• The Robing Room. This one actually had me in stitches. It’s like Yelp for judges. There are lots of comments from attorneys, members of the court, and plenty of litigants who lost their cases and had a thing to say about the judge who ruled against them. Some of the comments were really helpful (e.g. “the judge didn’t even read the case” according to more than one case) or not very helpful sour grapes comments about a lost case that all sort of started to sound the same after a while. Comments praising judges were few and far between. In general, I voted against retaining judges with poor ratings that I found plausible.

One of the Robing Room reviews I read caused me to pause. It was for a family court judge that was identified by the commenter as a “BYU grad.” This commenter did not like this judge at all, explaining that as a BYU grad and a Mormon, this judge was racially biased against black people and only believed that mothers were fit parents, capable of nurturing, and in a custody battle, fathers could not be awarded custody, particularly if they were black. It was a disturbing comment. It wasn’t too dissimilar in essence to the comments on many other judges, that fathers weren’t getting a fair shake in custody hearings, but it was unsettling that this judge’s supposed bias was due to his religious beliefs.

That got me thinking about politicians in general who are from the Church, and also the many candidates who are no longer active or are ex-Mormons. Does their affiliation (or break) with the Church help them or hurt them as candidates?

As someone from a place where Mormons are as rare as hens’ teeth, I always thought a church member who had lived outside of Utah has had to learn some skills to navigate the normal world. A Utah candidate who has always lived in Utah makes me a little suspicious. Are they normal? Do they know enough about how to work with others? I also think about anything they do that goes against some of the Mormon norms: is it a woman or person of color (rather than another white guy)? How do they talk about LGBTQ rights? Are they pro-choice?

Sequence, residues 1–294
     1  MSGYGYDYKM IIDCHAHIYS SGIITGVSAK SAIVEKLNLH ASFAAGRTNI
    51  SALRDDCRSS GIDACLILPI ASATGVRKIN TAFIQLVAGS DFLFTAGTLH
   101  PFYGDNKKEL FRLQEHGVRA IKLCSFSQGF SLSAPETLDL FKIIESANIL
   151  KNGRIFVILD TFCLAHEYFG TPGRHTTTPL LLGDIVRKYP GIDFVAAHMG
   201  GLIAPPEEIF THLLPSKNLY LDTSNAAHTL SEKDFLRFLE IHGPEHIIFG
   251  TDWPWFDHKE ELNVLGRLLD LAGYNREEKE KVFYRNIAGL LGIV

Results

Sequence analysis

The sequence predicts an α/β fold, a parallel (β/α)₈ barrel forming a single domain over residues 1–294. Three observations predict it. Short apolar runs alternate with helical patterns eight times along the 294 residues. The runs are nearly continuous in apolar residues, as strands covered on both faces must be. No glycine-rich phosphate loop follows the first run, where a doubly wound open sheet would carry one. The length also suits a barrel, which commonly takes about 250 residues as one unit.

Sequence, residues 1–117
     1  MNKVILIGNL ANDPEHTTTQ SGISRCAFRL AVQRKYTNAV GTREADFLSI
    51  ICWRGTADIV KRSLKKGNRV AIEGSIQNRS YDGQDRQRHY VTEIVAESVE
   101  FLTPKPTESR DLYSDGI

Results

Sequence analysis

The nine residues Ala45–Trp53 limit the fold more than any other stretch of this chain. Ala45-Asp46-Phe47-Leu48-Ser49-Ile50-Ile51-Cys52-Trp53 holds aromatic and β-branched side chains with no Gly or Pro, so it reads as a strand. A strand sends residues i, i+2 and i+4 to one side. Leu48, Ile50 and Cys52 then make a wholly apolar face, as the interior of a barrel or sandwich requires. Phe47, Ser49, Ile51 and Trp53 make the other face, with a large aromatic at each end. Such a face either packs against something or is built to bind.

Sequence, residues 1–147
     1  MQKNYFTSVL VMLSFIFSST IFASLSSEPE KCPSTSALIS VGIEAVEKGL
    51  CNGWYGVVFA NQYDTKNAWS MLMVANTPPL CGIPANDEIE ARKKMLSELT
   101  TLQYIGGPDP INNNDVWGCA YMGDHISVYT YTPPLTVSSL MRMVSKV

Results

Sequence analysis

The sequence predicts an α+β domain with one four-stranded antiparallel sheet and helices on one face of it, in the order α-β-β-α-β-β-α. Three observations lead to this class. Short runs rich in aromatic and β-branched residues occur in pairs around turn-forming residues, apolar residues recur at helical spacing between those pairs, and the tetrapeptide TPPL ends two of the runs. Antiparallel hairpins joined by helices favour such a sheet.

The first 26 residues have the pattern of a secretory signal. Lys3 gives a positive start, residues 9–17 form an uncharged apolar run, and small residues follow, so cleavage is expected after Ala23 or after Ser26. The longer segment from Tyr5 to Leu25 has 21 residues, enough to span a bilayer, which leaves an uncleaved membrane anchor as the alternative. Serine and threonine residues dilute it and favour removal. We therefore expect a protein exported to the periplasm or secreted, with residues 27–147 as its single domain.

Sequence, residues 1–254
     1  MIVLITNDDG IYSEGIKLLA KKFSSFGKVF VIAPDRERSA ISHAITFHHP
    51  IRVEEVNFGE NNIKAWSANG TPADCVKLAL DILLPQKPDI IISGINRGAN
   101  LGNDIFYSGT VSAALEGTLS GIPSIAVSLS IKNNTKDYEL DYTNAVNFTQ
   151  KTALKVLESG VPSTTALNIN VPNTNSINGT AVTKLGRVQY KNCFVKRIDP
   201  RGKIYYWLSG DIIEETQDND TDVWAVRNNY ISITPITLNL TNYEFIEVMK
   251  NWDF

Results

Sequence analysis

As to the former Mormons, I usually have favorable feelings toward them, even in my most TBM days, because they “get” the Mormon experience. They know what makes us unique, even if it wasn’t for them. It may be deep in their bones in ways others wouldn’t recognize. For all her faults (and holy crap there are a lot of them) Kirsten Synema still has some Mormon to her.[2] Huntsman was savvy in explaining that he had family who were Mormon and family who were bartenders. Smart move. He gets it, especially in the wake of the disgusting video that was leaked in which Church leaders laughed about only supporting Utah politicians who were “Church-broke.

And there have also been a few high profile Mormon politicians in the last few years who broke with the Republican party when it turned toward Trump, who faced a lot of party backlash, even death-threats as a result. Even if I disagreed with them politically, there was something to admire to their integrity, and personally I think that’s something that they (mostly) learned from their Mormon upbringing.

Let’s hear from all of you.

  • Does a candidate being Mormon help or hurt them in your view? What about a former Mormon?
  • How do you think religious affiliation helps or hurts Mormon candidates at this point? Does it depend on their actions or is it an unconscious bias for or against?
  • How do you approach these non-POTUS ballots?


[1] I think there was some hope this was a trans candidate.

[2] Unfortunately, where her heart used to be, there’s a big fat check from Pharma.